Open Exhibits Blog



CMME: Haptic Paths Not Taken

Post written by: Marta Beyer, Peter Moriarty, Emily O’Hara, Robert Rayle

Going into the Creating Museum Media for Everyone (CMME) project, our team had several key criteria in mind when experimenting with the creation of a haptic exhibit:

  • the exhibit needed to allow visitors to explore, interpret, and compare graphical data sets;
  • the exhibit need to allow visitors to be able to identify trends within the data and to explore individual data points; and
  • the exhibit needed to be durable and affordable.

Below is a description of five different haptic approaches we considered for this project. These approaches primarily focus on haptics as an output method for feedback; although, we acknowledge some technologies can also be used for haptic inputs. This post highlights some of the challenges we encountered and some of the decisions we made along the way in regards to including haptics in the final exhibit.

Haptic approach—Vibration levels

Although members of the CMME team have been thinking about haptic possibilities for many years, the specific efforts related to this grant began during a multi-day workshop held in the spring of 2012. This workshop brought experts from diverse fields together to consider how to develop accessible digital museum interactives that convey scientific data. One of the multi-institutional teams focused on how dynamic haptic options could tactically represent data displayed on a graph. During their brainstorming, the team explored various possible devices such as air tables, ball bearings controlled by magnets, vibrating tables, and contrasting tactile elements. The team also thought about how visitors may not have an established skill set to interpret haptic feedback and how that might play into the exhibit design. After just a few days thinking about these questions, the team had a working prototype that conveyed information through a vibrating puck device that used three different tactile speeds. This directional vibration feedback was created using an off-center rotating pager motor mounted in the puck. Click here to read more about this work and watch a video of the prototype.

Vibrating puck haptic prototype from CMME workshop
Photo of the haptic prototype created during the CMME Workshop


  • Visitors often do not have detailed touch memory that allows them to distinguish between multiple vibration frequencies and to remember what they signify.
  • Visitors can easily get vibration fatigue.
  • Having a puck on the component’s surface made it difficult to see the visual aspects of the graph.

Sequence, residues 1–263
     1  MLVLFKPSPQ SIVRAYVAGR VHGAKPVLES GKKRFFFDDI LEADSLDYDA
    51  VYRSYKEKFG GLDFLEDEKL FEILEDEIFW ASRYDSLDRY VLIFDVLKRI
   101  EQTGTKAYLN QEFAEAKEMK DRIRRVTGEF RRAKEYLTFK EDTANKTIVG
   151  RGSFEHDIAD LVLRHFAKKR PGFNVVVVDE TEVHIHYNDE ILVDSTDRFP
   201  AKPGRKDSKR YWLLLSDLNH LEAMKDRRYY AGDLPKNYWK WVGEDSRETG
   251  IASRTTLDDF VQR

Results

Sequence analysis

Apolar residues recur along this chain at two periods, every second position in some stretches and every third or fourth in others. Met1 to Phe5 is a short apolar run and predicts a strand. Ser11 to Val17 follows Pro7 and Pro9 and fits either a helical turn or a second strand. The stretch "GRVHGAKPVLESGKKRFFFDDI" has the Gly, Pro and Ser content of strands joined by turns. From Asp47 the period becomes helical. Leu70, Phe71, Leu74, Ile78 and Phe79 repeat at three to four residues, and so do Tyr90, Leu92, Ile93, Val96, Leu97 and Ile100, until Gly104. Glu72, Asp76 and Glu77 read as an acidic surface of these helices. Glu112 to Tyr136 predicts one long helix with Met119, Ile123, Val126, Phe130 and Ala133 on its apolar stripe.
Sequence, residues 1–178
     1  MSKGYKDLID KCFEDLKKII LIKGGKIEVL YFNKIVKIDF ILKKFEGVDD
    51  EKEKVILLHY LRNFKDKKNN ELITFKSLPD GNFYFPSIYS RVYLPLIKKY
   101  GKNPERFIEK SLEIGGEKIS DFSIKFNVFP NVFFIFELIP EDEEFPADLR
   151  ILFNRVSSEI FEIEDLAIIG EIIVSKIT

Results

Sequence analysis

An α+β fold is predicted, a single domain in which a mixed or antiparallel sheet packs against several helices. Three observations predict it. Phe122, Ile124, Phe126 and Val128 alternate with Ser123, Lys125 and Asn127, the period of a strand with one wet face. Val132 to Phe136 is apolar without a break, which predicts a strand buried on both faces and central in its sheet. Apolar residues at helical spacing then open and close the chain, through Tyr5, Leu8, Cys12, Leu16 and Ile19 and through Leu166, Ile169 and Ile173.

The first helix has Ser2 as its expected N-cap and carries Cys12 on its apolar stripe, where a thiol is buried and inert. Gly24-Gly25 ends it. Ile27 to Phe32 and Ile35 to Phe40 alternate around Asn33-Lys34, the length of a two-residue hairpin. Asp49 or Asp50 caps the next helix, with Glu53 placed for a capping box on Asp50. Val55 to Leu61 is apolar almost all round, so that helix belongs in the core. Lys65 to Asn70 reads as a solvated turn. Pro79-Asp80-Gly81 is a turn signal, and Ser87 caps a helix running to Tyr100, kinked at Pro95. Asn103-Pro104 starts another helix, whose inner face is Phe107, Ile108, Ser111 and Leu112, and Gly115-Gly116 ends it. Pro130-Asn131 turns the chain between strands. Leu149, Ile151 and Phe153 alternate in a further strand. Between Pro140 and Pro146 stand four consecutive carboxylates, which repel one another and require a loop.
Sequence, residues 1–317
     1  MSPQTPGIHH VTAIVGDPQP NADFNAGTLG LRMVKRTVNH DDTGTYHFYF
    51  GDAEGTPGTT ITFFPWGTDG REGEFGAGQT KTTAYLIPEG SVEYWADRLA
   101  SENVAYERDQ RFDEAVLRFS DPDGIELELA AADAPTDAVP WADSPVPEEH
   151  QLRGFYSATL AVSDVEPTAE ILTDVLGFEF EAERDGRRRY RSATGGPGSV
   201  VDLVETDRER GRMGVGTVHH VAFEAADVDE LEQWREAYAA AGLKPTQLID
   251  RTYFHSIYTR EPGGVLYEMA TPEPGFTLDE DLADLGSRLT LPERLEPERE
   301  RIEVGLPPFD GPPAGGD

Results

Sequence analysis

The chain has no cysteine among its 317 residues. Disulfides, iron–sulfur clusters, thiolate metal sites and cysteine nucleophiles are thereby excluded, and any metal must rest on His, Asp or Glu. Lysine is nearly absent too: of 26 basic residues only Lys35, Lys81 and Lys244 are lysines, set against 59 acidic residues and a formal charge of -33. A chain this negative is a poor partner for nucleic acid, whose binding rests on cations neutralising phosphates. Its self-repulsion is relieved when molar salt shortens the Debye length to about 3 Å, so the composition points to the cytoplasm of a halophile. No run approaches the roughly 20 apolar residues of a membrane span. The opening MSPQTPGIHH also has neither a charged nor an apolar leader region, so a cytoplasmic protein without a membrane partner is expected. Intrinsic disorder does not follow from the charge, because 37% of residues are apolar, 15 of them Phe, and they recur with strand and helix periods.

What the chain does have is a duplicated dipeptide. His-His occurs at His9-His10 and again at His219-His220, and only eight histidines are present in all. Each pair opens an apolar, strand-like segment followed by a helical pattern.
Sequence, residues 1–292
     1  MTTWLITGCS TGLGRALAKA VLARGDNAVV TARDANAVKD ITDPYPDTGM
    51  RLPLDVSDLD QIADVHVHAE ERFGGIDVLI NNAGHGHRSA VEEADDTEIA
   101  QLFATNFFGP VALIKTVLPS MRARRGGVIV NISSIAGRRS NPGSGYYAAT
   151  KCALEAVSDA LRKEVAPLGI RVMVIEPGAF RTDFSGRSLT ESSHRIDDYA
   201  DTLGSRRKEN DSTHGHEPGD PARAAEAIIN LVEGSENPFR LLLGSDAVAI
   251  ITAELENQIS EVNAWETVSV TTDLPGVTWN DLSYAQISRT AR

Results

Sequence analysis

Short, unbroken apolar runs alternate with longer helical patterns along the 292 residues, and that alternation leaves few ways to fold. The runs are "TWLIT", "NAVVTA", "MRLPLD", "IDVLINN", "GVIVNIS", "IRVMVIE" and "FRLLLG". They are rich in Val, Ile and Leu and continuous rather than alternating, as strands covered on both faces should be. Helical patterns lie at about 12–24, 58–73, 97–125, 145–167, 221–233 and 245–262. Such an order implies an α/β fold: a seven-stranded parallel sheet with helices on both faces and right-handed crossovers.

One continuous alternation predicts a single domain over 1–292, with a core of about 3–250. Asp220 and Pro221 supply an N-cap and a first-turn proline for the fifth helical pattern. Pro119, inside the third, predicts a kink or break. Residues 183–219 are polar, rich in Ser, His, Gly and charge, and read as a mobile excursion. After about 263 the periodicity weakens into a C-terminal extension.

• Traditionally, analogue doorbells and pager motors can be used in this application, but there are concerns about long-term sustainability because they are being phased out of production for commercial applications.

Decisions made

  • After considering these constraints, especially related to visitors’ limited touch memory, the team felt that the puck’s level of granularity, or range of three vibrations, was not sufficient for conveying the detailed content information. For an exhibit with deeper learning goals about understanding graphical data and a fine resolution of data points, we would need more tactile means than just three varying levels of frequencies to convey this content. After the workshop, the team took what they had learned and tried the following approaches for creating a haptic component to convey data alongside a visual and sonified graph.

Haptic approach—Moving arm

One of the next strategies that the CMME team considered was a moving arm that could provide haptic feedback to visitors. Some commercial technologies use a device that acts as both an input and output haptic controller to recreate the physical feedback of digital imagery. Most of these applications are used in video games, so that users can feel the vibration of their digital car driving down the road or the kick back of firing a gun while simultaneously using the same device to control their video game player. For example, the Novint Falcon is a gaming device that offers these features in an off-the-shelf product.


  • This technology is fairly expensive and cost prohibitive for other institutions who might want to replicate this work.
  • The durability of this technology has not been tested in museums.
  • This technology is focused on inputs and outputs for game feedback and may not be as applicable unless it is used in a gamified museum experience.

Decisions made

  • We decided not to further investigate this technology’s potential because the current options are financially out of reach for many in the museum field.

Haptic approach—Rumble